I haven’t read activist Greg Mortenson’s memoirs, Three Cups of Tea and Stones Into Schools, but in their spirit, let’s pretend I have. They tell the story of a man who, after inspirational encounters with various Pakistani villagers (and an eight-day kidnapping misadventure by the Taliban), comes to build schools for the poor in various troubled areas. That Mortenson has done a great deal of good with his schools has been verified by independent sources. The trouble starts, however, when we discover that many of his more memorable published claims have been proven to be false.
Mortenson hasn’t spoken extensively to the press since reporter Steve Kroft subjected him recently to a classic 60 Minutes takedown (complete with an on-camera ambush in the old Mike Wallace style). Instead, he has issued a defense of his works: one to his local Bozeman, Montana paper and the other to Alex Heard, in an interview with Outside magazine.
Of interest to us are these lines concerning his ghostwriter, David Oliver Relin:
He did nearly all the writing, and along with hundreds of interviews of those involved in the story, I helped him piece together the whole timeline, and from that we started creating the narrative arc and everything.That sounds proper, and a good working solution.
David insisted on writing the book in third person, which is really awkward. The publisher said, Greg, you’re too understated, so this needs to be in the third person. My wife, Tara, also told me that if I wrote a book, it would be a pamphlet.Again, fine. We all have to make our narrative choices. But Mortenson didn’t want to make these choices? Was he bullied?
Or had he made a Faustian bargain, instead? In the name of a compelling narrative that would sell, he would lie? He goes on to say:
What happens then is, when you re-create the scenes, you have my recollections, the different memories of those involved, you have his writing, and sometimes things come out different. In order to be convenient, there were some omissions. If we included everything I did from 1993 to 2003, it would take three books to write it. So there were some omissions and compressions, and. … I don’t know, what that’s called?As an ex-fact-checker I’d say that’s called a lie. It doesn’t follow that you “recreate scenes” when you switch from first person to third.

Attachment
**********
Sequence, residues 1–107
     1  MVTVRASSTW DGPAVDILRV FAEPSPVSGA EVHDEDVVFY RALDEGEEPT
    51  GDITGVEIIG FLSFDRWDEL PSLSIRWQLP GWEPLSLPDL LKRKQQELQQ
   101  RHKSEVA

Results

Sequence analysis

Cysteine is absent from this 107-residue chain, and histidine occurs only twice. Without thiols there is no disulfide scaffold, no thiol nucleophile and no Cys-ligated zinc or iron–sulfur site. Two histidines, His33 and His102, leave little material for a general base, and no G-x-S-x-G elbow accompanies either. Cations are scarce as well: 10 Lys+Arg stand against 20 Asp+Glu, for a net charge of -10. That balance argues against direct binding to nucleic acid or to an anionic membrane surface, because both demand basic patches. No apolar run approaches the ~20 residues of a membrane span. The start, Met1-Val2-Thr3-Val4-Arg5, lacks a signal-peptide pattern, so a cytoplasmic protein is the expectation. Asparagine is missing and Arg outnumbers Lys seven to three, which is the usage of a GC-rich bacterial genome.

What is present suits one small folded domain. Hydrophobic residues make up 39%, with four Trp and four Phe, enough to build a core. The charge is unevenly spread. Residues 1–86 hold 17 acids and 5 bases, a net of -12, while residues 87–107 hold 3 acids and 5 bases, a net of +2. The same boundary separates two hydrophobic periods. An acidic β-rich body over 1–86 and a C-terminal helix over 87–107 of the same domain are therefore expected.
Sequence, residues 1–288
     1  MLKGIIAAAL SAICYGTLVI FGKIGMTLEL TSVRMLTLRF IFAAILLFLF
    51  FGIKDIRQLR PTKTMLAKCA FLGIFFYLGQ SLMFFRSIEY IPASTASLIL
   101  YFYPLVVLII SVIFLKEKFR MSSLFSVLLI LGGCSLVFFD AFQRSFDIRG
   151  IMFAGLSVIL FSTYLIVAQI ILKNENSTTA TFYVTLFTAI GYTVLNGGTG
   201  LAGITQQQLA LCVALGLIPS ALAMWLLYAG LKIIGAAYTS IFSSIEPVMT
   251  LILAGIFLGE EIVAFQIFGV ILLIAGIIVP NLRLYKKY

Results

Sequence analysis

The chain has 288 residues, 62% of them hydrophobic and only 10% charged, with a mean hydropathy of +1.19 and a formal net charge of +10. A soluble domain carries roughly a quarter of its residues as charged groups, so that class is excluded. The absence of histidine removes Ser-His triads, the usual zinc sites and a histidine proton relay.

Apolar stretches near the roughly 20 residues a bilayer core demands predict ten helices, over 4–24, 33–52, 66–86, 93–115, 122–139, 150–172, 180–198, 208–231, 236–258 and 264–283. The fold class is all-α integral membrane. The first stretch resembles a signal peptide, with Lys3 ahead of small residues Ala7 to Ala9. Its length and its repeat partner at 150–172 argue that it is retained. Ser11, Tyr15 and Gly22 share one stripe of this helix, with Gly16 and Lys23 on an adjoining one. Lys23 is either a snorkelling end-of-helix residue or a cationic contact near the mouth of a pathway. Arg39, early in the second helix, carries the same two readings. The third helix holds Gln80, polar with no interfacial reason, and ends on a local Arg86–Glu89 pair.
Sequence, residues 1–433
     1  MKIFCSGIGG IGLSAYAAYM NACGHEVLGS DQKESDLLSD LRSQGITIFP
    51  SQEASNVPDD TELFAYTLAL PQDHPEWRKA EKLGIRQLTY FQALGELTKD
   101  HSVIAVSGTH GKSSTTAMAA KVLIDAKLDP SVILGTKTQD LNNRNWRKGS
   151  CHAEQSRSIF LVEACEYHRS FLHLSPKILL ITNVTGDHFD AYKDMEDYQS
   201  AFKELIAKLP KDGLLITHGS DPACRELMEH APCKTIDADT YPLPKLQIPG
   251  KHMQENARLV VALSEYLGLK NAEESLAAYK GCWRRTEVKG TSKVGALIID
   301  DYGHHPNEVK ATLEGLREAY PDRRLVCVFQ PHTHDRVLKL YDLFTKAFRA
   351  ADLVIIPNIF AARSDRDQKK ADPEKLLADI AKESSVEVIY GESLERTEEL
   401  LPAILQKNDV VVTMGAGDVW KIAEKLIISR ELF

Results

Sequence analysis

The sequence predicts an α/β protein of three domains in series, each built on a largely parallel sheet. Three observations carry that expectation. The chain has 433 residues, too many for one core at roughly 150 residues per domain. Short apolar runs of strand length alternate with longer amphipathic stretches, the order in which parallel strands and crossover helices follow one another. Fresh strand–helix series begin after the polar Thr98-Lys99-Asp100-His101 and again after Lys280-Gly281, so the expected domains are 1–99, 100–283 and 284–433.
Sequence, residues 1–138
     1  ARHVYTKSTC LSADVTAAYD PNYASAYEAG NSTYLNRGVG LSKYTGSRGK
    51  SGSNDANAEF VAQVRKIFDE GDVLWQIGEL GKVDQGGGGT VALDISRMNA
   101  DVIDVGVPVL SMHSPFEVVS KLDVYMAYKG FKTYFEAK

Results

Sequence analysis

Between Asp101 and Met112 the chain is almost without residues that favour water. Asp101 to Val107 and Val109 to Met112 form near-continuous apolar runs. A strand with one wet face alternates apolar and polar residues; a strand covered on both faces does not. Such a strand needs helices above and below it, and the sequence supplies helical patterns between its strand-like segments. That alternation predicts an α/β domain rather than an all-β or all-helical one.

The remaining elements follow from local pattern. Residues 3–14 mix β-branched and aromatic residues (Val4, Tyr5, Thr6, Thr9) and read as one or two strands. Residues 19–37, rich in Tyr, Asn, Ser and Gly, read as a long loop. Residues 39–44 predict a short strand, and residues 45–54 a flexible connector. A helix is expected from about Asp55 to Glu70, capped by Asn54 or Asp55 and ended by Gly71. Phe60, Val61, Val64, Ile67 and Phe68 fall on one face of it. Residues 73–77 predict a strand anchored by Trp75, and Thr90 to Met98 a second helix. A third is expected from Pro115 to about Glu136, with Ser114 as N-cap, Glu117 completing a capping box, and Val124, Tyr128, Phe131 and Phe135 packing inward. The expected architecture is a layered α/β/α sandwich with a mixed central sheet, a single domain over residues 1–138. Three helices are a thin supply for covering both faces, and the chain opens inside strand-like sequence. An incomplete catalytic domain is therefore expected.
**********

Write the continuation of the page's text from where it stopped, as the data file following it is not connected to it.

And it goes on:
Mortenson seems to claim that confusion and misguided trust of his ghostwriter led to where he is today: a bug wiggling under a pin thrust into him by Steve Kroft. Was he bullied? Is the ghostwriter at fault? I find it wrong to blame the ghostwriter. He’s a ghostwriter -- it’s not his name on the book. He’s not the one on TV making the claims. The subject is. The subject needs to retain control, in the name of the story (and it goes without saying, that story’s inherent truth). I find it an odd contention that one could bully Mortenson. In my experience with clients, I’ve not been able to bully anyone.
Few people know what a ghostwriter is. And because so few do (and because they have such a spectral name) it could be assumed they’re powerful beings who bully their clients -- is that Mortenson’s last-ditch hope? He also throws in the publishing company (and by implication, their corporate greed) for aspersion and blame. I don’t think this washes, especially since Mortenson has repeated the various “compressed” claims in other venues (for example, on Bloomberg TV).
Ghostwriters make sense of a story and deliver a narrative. They clarify matters. If they “compress” a story, yes, that’s wrong. But ultimately the subject has a story that’s all their own. They are responsible for it.
Armstrong is a freelance writer and ghostwriter based in New York